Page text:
Saturday , June 3 2023

As the biodiversity conference progresses, coral reefs can not wait for the world to take action. News | Environmental Management


"The destiny of the world's coral reefs is in balance," said Erik Solheim, a spokesman for the United Nations Environment Program (UNEP). "Now this hue and life explosion is facing an extremely bleak future."

Coral reefs provide food and livelihoods to hundreds of millions of people worldwide, support more than a quarter of all marine life, and protect communities and coastlines from natural disasters. If emergency action is not taken, it may disappear forever.

UNEP, the International Coral Reef Initiative, the World Wildlife Fund, the Nature Conservancy, the Wildlife Conservancy, Vulcan Inc., the Ocean Agency and the Secretary, We have combined strength to support decisive action to do so. United Nations Convention on Biological Diversity (CBD).

"The expectation of this alliance can not grow, coral reef protection should be a global priority, coral reefs need better deals," said Sharm El Sheikh, a new partnership at the Egyptian coastal resorts, Solheim said.

Dozens of ministers from the CBD's country gather with experts and representatives of civil society organizations to begin a two-year process to adopt a global framework for biodiversity protection, including coral reefs, around the world.

Open on Tuesday and continuing through November 29th, this meeting is the basis for decision makers from more than 190 countries to work towards protecting biodiversity loss and protecting ecosystems that support health, food and water. It provides security to billions of people around the world.


The expectations for this coalition can not be higher. Coral reef protection should be a global priority. Coral reefs require better deals.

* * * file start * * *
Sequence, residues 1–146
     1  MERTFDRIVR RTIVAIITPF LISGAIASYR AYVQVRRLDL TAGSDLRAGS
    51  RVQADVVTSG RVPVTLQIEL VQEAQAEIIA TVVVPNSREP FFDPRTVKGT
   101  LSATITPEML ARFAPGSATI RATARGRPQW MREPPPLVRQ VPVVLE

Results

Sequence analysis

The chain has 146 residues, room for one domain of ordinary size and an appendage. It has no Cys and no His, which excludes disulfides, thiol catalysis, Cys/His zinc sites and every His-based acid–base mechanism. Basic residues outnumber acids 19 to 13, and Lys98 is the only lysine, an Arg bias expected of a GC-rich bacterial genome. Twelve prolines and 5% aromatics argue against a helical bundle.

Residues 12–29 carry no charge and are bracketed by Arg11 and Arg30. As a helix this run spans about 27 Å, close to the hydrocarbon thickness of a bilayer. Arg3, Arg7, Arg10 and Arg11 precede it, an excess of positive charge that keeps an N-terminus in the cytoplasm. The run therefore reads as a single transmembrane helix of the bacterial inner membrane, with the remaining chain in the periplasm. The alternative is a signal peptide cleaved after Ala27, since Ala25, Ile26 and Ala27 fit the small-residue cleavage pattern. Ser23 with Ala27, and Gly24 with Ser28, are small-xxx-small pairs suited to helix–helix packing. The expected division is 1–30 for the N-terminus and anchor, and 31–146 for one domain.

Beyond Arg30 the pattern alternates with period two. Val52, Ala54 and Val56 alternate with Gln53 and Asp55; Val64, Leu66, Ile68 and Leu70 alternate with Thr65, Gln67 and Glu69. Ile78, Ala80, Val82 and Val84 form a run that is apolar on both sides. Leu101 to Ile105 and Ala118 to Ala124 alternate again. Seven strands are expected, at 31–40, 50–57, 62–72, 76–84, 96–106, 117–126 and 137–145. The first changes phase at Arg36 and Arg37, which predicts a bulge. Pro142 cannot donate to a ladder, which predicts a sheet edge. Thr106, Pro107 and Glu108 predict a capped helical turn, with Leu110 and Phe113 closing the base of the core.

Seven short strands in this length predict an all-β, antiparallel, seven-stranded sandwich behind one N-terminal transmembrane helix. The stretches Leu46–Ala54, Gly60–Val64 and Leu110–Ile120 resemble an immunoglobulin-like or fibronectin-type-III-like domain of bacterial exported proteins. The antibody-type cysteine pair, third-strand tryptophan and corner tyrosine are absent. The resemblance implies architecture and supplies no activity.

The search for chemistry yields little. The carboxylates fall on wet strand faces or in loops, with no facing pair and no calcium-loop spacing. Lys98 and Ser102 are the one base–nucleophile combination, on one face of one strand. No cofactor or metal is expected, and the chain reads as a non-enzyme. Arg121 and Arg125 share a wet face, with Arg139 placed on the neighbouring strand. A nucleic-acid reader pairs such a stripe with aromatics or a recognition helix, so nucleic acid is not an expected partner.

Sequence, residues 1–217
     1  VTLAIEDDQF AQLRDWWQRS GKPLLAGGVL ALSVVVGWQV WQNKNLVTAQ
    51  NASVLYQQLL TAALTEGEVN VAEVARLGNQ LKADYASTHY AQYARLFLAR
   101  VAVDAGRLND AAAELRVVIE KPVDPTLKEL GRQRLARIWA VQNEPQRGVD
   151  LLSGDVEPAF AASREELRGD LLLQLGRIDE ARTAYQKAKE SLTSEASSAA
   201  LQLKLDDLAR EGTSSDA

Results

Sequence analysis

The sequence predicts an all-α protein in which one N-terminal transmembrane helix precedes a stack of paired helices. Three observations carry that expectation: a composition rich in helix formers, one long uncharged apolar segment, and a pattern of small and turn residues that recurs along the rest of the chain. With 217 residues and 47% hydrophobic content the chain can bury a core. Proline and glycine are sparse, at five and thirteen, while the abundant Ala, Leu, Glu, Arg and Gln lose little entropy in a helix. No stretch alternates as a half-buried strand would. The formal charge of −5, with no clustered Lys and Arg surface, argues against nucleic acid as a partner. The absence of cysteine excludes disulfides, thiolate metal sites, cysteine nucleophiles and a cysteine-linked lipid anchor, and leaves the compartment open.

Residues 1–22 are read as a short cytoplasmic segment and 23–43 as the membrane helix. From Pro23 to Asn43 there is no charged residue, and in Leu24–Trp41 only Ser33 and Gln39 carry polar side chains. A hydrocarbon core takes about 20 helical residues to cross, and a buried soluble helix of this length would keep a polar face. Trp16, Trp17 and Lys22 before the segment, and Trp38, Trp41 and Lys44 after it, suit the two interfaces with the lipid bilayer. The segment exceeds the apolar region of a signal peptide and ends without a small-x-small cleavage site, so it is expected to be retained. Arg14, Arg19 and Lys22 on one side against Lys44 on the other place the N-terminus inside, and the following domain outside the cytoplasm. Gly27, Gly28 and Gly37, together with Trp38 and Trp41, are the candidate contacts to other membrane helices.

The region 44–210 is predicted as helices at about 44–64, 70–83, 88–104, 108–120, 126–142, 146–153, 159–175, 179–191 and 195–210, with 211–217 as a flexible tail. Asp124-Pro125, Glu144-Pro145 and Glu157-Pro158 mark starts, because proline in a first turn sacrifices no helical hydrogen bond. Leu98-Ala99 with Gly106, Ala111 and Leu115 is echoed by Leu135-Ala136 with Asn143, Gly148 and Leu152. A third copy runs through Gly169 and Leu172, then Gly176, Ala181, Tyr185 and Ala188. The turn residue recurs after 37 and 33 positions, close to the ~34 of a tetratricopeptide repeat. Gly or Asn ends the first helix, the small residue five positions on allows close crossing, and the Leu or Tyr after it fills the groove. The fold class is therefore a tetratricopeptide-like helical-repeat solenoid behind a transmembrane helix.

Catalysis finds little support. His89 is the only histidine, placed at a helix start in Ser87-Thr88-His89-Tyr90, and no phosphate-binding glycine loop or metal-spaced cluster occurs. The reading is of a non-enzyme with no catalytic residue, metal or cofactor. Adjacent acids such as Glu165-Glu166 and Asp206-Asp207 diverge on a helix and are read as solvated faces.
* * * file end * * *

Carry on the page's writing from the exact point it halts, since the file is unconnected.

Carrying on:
Erik Solheim of the United Nations Environment Program (UNEP)

Government, private enterprises, NGOs and intergovernmental organizations; Aboriginal and local communities; Youth and Civil Society; Promised to support the Biodiversity Strategic Plan 2011-2020.

According to a recent report by the Intergovernmental Panel on Climate Change (IPCC), released in October 2018, 70-90% of coral reefs are still in the present century, even if global surface temperatures are managed collectively at 1.5 ° C above pre- I lost it in the middle. The report warns that if we do not continue to take action on climate change, it will cause even greater losses.

But climate change is not the only major threat facing coral reefs. Overfishing, pollution and coastal development have caused many corals to be lost in the past 30 years.

Reducing these threats can help restore the most resilient coral reefs after impacts such as bleaching due to warmer sea water temperatures due to global warming.

"I am delighted that the coral reef problem is receiving valuable attention, and we are now approaching the horizon of 2020 and should focus on strategies for effectively preserving coral reefs and support those who depend on them." Monaco Prince Albert II said.

"The International Coral Reef Initiative General Assembly in Monaco will be an important step this December, and my hope is that we will adopt a practical, effective, ambitious and realistic action plan." He added.

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